6 Practical Business Principles for the Catholic in the Workplace
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This coming March the Napa Institute along with the Catholic University of America will be hosting a Conference on Human Ecology, that will reflect on the responsibility of Catholic business leaders to balance the value of human enterprise with the needs of the common good.
In the field of business, economic systems are characterized as either capitalist or socialist; they appear mutually exclusive, either supporting the freedom of the individual or the needs of society. Since the eighteenth century, capitalism and socialism have remained fiercely polarized, each side shrilly attacking the shortcomings and failures of the other. On the one hand, we have selfishness and exploitation, unfettered consumerism and isolationism; on the other, unrest and revolution, the overthrow of power, and violence as a justifiable means to an end.
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Eventually, it becomes an entrenched narrative that sets the individual against society, the wealthy against the poor, personal aspirations over one’s obligations towards others. And, as so often the case, it becomes the narrative of me against you. Which brings us to the need for the forthcoming Conference on Human Ecology, presented by the Catholic University of America’s School of Business and Economics, and the Napa Institute. This symposium of academics, policy makers, ethicists, theologians and business leaders will be debating that balance between the dignity and value of individual labor and the collective duty towards the common good.
Through the teachings of the Church, it will consider what is required for the personal vocation and fulfilment of Catholic business leaders, alongside the establishment of a truly sustainable, widespread and inclusive prosperity. In effect, it will reflect on ways of synthesizing two seemingly conflicting values, of harmonizing capitalism and socialism.
Is it possible, such a synthesis of contradictions? Well, if any organization has experience in juggling inconsistencies it’s the Catholic Church. Her teachings are less about ‘either/or’, more about ‘both/and’. She teaches that Jesus is both human and divine; that the Eucharist is both the Word made flesh and the work of human hands; that her people are called to a life of both obedience and freedom, to love both neighbor and enemy.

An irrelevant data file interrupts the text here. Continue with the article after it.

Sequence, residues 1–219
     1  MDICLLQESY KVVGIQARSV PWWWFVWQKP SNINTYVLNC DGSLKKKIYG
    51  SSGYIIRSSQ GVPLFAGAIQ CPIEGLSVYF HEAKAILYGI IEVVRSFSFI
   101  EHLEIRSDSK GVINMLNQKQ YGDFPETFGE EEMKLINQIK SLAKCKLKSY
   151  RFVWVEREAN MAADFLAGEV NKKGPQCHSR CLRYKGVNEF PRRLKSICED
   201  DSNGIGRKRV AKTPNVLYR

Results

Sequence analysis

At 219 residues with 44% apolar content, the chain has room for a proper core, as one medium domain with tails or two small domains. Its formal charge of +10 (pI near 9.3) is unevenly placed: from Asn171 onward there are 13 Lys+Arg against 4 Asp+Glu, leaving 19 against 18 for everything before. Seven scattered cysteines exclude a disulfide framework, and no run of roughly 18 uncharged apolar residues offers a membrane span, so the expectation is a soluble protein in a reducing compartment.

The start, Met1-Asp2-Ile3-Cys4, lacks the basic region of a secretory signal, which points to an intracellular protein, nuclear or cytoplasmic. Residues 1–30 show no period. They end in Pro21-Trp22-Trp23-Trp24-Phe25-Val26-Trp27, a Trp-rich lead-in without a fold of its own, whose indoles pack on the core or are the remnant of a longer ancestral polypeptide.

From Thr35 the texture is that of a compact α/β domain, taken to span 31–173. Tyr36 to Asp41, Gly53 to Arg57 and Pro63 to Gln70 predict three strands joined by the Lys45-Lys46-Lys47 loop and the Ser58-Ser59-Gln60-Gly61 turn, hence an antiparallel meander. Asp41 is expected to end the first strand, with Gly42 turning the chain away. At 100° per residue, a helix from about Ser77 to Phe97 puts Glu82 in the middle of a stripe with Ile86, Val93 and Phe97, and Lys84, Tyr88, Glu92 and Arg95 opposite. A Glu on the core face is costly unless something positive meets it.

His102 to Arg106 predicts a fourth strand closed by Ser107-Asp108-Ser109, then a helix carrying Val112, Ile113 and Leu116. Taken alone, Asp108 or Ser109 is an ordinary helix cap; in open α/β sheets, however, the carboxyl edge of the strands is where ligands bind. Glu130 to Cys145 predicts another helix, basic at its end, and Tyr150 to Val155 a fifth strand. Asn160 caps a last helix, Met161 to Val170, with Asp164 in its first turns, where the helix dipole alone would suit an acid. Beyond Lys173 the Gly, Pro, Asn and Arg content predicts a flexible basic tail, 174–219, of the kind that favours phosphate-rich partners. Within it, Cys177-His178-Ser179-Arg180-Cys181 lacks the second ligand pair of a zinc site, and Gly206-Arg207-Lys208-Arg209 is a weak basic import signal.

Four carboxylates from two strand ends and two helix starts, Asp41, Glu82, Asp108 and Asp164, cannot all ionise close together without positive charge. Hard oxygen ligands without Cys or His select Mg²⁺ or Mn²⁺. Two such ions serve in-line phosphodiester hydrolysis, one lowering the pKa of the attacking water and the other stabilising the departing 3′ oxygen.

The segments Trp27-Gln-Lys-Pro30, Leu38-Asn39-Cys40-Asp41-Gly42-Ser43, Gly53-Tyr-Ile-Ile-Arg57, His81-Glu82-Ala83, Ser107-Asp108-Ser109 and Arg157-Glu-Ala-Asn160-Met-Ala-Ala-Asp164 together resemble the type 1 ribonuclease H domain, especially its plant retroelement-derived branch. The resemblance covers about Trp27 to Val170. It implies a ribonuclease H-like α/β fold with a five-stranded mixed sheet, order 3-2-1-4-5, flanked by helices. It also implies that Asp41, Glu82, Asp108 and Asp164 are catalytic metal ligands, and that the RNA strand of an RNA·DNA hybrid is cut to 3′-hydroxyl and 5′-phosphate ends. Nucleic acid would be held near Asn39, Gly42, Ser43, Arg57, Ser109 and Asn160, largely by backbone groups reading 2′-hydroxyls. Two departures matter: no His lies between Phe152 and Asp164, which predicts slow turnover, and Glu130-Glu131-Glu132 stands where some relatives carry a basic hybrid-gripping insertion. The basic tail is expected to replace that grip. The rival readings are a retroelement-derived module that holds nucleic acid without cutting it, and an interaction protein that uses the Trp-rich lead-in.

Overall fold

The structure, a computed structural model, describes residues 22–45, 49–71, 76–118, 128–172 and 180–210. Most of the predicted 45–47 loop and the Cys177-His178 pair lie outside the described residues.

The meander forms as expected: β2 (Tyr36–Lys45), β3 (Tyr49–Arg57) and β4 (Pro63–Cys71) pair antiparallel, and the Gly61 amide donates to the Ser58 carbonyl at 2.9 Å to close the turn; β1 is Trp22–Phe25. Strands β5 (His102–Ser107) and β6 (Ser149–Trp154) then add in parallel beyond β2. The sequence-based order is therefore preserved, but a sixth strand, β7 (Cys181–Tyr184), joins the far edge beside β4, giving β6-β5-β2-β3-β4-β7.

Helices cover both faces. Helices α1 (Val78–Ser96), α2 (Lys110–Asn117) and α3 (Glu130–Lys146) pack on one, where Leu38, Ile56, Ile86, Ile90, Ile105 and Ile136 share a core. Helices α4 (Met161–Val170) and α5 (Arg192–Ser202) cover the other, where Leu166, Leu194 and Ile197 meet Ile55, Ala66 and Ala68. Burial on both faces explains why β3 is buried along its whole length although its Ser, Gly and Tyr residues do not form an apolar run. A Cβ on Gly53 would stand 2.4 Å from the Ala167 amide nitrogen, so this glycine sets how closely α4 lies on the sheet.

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Our narrative as Catholics has always been one that carries the tension of opposites, one that absorbs the things that separate and polarize. We have the capacity to surrender the world’s labels, to change the narrative of discord and, as Catholics in the field of business, to hold in balance both the notions of private enterprise and the fair distribution of wealth throughout society.
Furthermore, we should be able to live out these ideals as examples to others. In this respect, and as a flavor of the counsel we can expect at the conference, it is worth reading the concise handbook: The Vocation of the Business Leader (the introduction to this book is written by Cardinal Turkson who is one of the Human Ecology conference speakers). This reflection, based on the Church’s social teaching, offers business leaders, members of their institutions and various stakeholders a set of practical principles that can guide them in their service of the common good, summarized here:
SIX PRACTICAL PRINCIPLES FOR BUSINESS
Meeting the Needs of the World through the Creation and Development of Goods and Services
1. Businesses that produce goods which are truly good and services which truly serve contribute to the common good.
2. Businesses maintain solidarity with the poor by being alert for opportunities to serve otherwise deprived and underserved populations and people in need.
Organizing Good and Productive Work
3. Businesses make a contribution to the community by fostering the special dignity of human work.
4. Businesses provide, through subsidiarity, opportunities for employees to exercise appropriate authority as they contribute to the mission of the organization.
Creating Sustainable Wealth and Distributing It Justly
5. Businesses model stewardship of the resources, whether capital, human or environmental, that they have received.
6. Businesses are just in the allocation of resources to all stakeholders: employees, customers,investors, suppliers, and the community.
These points are just the beginning of all that will unfold at the Conference on Human Ecology. There is still time to register (click the title of the conference). By taking part in this conference you will have the unique opportunity to hear speakers such as George Weigel, Msgr. Martin Schlag, Ph.D., and Dr. Marcellino D’Ambrosio answer the questions: “What is required for a truly sustainable, widespread, and inclusive prosperity? What is the vocation of business leaders who are committed to their Catholic faith, to the common good, and to the life of virtue?”
We encourage you to recognize both the responsibility and privilege it is to have the power to impact our world for God’s glory through your vocation. Think of the impact that truly Catholic men and women could have in the business world if they took the time to understand and embrace the teachings of our Church. You can be the person that makes a difference in the secular world of consumerism.